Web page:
Kabby Mitchell’s dancing life started in Oakland, California, and it took him all over the world. He spent a big part of that life in the Pacific Northwest, and played an important role in the growth of the dance community here for many years.
Like many men who came to dance in the 1960s and 70s, especially African American men, his dance education was eclectic – ballet and modern dance forms shared time with jazz and what today we call world dance. But it was ballet that really drew him in, and he gave back to the art form with a joyous enthusiasm, on stage, in the studio, and in the world at large.
Mitchell came to Seattle at the invitation of Edna Daigre after working with Oakland Ballet, Dance Theatre of Harlem and Netherlands Dance Theater, and helped her to found the Ewajo studio. He joined Pacific Northwest Ballet in 1979, not long after Kent Stowell and Francia Russell became directors there, and he had featured roles in several of the works that Stowell first made for the company. The ensemble was young and Stowell’s works were tailored to their skills, taking advantage of their personalities while giving them opportunities to hone their technique. And as Russell said to Moira Macdonald for her lovely tribute in the Seattle Times, Mitchell had personality to spare. His zest as a performer became an integral part of the company’s early style, whether it was in something lighthearted like Stowell’s “Over the Waves,” or a more austere work like George Balanchine’s “The Four Temperaments.” His high, proud chest created an indelible line in that work, whether it was during a theatrical performance or a high school lecture demonstration.
After several years as a soloist with PNB, he went on to perform in a wild variety of projects, including Las Vegas reviews, music videos, musical theater, liturgical dance and concert work. He ran his own ensemble for a time, Sphinx/a dance theater, collaborated with the Choreopoets, choreographed for the opera, the Rep, the Bathhouse, ACT, and Intiman, where he created the movement for their annual holiday show, Black Nativity. Even though he would leave town for performing opportunities, he always came back — the Northwest had become his home.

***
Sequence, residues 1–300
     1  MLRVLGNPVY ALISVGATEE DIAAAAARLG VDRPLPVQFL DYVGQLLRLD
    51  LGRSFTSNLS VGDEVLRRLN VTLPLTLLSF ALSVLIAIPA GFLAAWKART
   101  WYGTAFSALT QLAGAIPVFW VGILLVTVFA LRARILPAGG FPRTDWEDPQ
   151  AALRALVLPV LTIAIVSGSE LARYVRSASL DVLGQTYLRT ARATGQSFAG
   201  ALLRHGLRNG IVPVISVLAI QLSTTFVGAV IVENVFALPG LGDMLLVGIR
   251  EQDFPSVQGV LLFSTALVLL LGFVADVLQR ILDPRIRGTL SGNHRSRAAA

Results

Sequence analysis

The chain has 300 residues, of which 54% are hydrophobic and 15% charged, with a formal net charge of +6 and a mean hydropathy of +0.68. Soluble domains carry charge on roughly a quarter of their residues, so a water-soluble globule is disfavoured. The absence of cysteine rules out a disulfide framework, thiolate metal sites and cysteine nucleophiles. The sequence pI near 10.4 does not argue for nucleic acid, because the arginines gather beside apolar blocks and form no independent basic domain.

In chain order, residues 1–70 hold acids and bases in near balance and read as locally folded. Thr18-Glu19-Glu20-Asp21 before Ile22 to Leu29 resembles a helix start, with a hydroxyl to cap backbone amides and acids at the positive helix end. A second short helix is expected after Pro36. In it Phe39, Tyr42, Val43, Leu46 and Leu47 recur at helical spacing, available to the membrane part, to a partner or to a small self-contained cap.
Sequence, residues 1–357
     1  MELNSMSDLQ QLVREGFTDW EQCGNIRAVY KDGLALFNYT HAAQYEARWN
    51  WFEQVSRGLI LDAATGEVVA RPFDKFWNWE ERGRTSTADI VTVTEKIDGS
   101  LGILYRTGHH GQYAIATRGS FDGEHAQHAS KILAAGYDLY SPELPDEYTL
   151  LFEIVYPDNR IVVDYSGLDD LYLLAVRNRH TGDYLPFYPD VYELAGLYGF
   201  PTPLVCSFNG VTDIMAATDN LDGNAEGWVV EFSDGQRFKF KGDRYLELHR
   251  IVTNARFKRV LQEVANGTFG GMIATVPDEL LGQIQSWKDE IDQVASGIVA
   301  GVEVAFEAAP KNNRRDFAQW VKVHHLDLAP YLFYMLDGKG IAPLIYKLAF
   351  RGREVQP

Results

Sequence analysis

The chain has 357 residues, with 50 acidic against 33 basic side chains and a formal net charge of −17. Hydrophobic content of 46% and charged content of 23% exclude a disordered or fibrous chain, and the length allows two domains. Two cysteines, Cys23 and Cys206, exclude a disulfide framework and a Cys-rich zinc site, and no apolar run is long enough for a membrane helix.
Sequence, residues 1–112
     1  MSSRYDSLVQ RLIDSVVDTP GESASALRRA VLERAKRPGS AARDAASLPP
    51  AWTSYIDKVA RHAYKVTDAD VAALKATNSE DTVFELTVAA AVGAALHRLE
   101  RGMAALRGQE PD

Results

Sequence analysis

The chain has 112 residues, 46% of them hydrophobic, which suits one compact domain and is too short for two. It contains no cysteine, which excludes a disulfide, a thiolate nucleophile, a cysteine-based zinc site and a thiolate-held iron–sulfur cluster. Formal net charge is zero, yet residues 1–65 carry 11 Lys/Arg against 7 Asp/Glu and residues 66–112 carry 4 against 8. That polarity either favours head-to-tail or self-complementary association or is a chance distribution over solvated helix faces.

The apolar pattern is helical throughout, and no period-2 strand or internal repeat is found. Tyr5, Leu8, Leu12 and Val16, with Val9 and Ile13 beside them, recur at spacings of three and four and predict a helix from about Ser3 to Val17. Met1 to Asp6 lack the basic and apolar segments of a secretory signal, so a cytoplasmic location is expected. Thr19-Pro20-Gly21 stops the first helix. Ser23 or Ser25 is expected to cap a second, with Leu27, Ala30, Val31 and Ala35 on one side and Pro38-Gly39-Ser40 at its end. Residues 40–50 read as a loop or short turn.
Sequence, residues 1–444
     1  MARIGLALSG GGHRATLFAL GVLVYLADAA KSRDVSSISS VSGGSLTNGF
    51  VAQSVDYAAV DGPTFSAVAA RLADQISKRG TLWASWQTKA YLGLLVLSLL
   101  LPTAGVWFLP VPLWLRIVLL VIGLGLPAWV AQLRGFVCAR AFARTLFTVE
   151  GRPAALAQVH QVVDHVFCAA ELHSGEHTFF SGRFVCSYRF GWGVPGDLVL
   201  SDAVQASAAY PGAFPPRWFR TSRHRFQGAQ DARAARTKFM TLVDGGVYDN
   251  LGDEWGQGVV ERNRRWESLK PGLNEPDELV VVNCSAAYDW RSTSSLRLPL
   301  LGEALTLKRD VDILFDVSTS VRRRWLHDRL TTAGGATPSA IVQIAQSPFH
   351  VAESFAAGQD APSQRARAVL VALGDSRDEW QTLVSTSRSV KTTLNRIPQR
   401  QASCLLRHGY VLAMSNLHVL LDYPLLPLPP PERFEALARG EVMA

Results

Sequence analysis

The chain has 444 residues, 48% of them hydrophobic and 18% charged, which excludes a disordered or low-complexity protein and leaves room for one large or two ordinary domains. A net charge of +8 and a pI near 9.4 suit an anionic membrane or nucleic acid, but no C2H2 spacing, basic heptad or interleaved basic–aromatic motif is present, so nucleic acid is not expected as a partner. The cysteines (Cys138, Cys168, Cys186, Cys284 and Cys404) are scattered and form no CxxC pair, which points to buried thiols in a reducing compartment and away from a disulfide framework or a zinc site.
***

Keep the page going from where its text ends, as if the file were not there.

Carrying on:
He taught at PNB and elsewhere, from kids in youth programs and amateur adults to professionals. Eventually he joined the faculty at Evergreen College, where his eclectic background made it easier for him to combine the traditional discipline of dance with the college’s exploratory teaching models. And he gave considerable time to public service, sitting on panels for the Seattle, King County, and Washington state arts commissions.
He was too often the only black face in those projects, and he accepted the pressure and difficulty of being that kind of example; he felt strongly that he needed to be seen in these roles, in part so that the next generation of artists would find something of themselves reflected in world they hoped to join. Endeavors like Theresa Ruth Howard’s Memoirs of Blacks in Ballet, which is documenting the careers of African American dancers in ballet companies and schools from the beginning of the last century, is helping to fill that deficit, but the fact that many of us learned of Mitchell’s death the morning after PNB hosted a panel discussion about diversity in ballet with Howard and other colleagues just makes this challenge more vivid. Despite the improvements we’ve managed to make over the last several years, we still have far to go, which was one of the reasons behind Mitchell’s most recent project, the Tacoma Urban Performing Arts Center, a youth program which is scheduled to open this summer.
The dance world is a tightly knit culture – the exposed nature of the work and the personal connections among teachers and students, choreographers and performers, bind us to each other, so that death is especially sharp. Kabby Mitchell’s commitment to the art form was matched by his commitment to his community: fellow dancers, teachers, students, friends and family. We were lucky to have him for as long as we did, and we’ll miss him as we move forward without him. There will be a memorial service on July 9 at the Paramount Theater at 2 pm, while the TUPAC will open July 8.